Advancing Science, Serving Society

aka AAAS   |   Washington, DC   |


Founded in 1848, the American Association for the Advancement of Science is an international, nonprofit organization dedicated to advancing science, engineering and innovation for the benefit of all people. With more than 120,000 individual members in over 91 countries, AAAS is the world’s largest multidisciplinary scientific society and a leading publisher of cutting-edge research through the Science family of journals. As one of the leading voices for science worldwide, we spearhead initiatives in policy, international cooperation and diplomacy, STEM education, public engagement, and more. We strive to promote and defend the integrity of science and its use, provide a voice for science on societal issues, and strengthen and diversify the science and technology workforce.

Ruling year info


Chief Executive Officer

Dr. Sudip S. Parikh

Main address

1200 New York Ave NW

Washington, DC 20005 USA

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NTEE code info

Science, General (includes Interdisciplinary Scientific Activities) (U20)

Professional Societies, Associations (Y03)

IRS filing requirement

This organization is required to file an IRS Form 990 or 990-EZ.

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Programs and results

What we aim to solve

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Our programs

SOURCE: Self-reported by organization

What are the organization's current programs, how do they measure success, and who do the programs serve?

Center of Science, Policy and Society Programs

The Center engages science and scientists with many communities, including those of government, religion, and law. We promote responsible conduct of, and advise on investment in, scientific research. Together, we advance the appropriate role of science in the service of society.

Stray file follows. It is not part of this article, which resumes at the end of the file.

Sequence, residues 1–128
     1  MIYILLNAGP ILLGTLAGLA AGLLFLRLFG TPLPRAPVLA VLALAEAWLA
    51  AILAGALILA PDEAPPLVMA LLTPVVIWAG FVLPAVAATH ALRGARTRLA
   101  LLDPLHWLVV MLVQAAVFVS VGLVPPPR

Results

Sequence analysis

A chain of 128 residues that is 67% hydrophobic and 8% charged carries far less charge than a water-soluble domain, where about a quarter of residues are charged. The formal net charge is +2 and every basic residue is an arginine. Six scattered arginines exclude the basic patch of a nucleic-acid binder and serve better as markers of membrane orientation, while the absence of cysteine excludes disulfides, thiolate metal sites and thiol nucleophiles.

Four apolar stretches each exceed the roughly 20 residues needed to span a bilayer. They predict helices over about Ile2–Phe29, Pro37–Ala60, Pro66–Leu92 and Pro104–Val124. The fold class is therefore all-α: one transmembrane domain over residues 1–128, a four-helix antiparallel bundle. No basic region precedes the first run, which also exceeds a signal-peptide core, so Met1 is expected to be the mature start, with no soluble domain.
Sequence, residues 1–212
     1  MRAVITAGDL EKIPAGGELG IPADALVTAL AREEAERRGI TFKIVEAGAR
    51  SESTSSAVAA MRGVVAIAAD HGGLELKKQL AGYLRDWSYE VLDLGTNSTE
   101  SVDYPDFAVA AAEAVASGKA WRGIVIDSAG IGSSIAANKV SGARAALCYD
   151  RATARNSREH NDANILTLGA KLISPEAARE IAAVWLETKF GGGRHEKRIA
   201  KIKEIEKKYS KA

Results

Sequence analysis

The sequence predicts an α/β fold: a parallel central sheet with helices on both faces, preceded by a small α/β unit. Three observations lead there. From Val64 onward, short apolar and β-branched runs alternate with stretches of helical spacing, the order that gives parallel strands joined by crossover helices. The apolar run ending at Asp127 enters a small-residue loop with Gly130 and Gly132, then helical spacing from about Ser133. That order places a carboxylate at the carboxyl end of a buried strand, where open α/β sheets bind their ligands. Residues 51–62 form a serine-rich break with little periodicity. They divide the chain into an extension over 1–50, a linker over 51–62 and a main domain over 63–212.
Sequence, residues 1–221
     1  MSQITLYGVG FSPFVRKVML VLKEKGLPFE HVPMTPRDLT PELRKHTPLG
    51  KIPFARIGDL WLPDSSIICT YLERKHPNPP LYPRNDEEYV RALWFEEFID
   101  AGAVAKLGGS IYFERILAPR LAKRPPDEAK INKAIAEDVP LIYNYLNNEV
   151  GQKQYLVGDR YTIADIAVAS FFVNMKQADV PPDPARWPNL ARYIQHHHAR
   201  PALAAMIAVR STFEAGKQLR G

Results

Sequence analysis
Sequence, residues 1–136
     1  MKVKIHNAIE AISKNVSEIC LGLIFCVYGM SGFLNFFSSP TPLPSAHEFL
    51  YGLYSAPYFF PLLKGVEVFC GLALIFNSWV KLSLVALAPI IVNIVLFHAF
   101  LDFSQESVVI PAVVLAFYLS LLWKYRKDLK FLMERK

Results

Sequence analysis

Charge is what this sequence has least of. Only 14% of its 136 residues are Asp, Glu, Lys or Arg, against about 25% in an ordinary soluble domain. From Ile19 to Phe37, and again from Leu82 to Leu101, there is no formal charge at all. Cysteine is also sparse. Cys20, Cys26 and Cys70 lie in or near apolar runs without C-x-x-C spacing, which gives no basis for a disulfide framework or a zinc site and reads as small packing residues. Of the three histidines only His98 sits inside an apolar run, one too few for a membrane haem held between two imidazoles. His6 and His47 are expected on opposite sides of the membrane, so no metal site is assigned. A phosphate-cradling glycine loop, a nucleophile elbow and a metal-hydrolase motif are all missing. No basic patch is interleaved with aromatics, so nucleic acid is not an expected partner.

Population(s) Served

AAAS Education and Human Resources (EHR) Programs bring exciting opportunities to science students and professionals in the science and technology community. Helping build bridges to careers in science, technology, engineering and mathematics bolsters the STEM work force and all that it can bring to our lives. At a time when STEM education is struggling to produce enough graduates to keep the United States’ science and technology sectors competitive, AAAS reaches out through a variety of programs to make sure talent and interest in scientific endeavors are nurtured.

Population(s) Served
Children and youth

The Scientific Responsibility, Human Rights and Law Program fosters and facilitates the responsible practice and application of science in the service of society. The Program addresses ethical, legal and human rights issues related to the conduct and application of science and technology. The Program is committed to promoting high standards for the practice of science and engineering; advancing the human right to enjoy the benefits of scientific progress and its applications; engaging scientists, engineers and their professional associations in human rights efforts; monitoring and enhancing assessment of emerging ethical, legal, and human rights issues related to science and technology; furthering the use of science and technology in support of human rights; and initiating activities to address the impact of developments at the intersection of science, technology, and law.

Population(s) Served
Economically disadvantaged people
Victims and oppressed people

Project 2061 is a long-term initiative of the American Association for the Advancement of Science (AAAS) to help all Americans become literate in science, mathematics, and technology. To achieve that goal, Project 2061 conducts research and develops tools and services that educators, researchers, and policymakers can use to make critical and lasting improvements in the nation’s education system.

Population(s) Served

The AAAS Center for Science Diplomacy is guided by the overarching goal of using science to build bridges between countries and to promote scientific cooperation as an essential element of foreign policy.

The Center focuses its core activities at three levels:
Inspirational: Raising the profile of science diplomacy by convening and building a community of stakeholders for science diplomacy activities and initiatives.
Operational: Initiating exchanges, visits, and bilateral activities to put science diplomacy into action.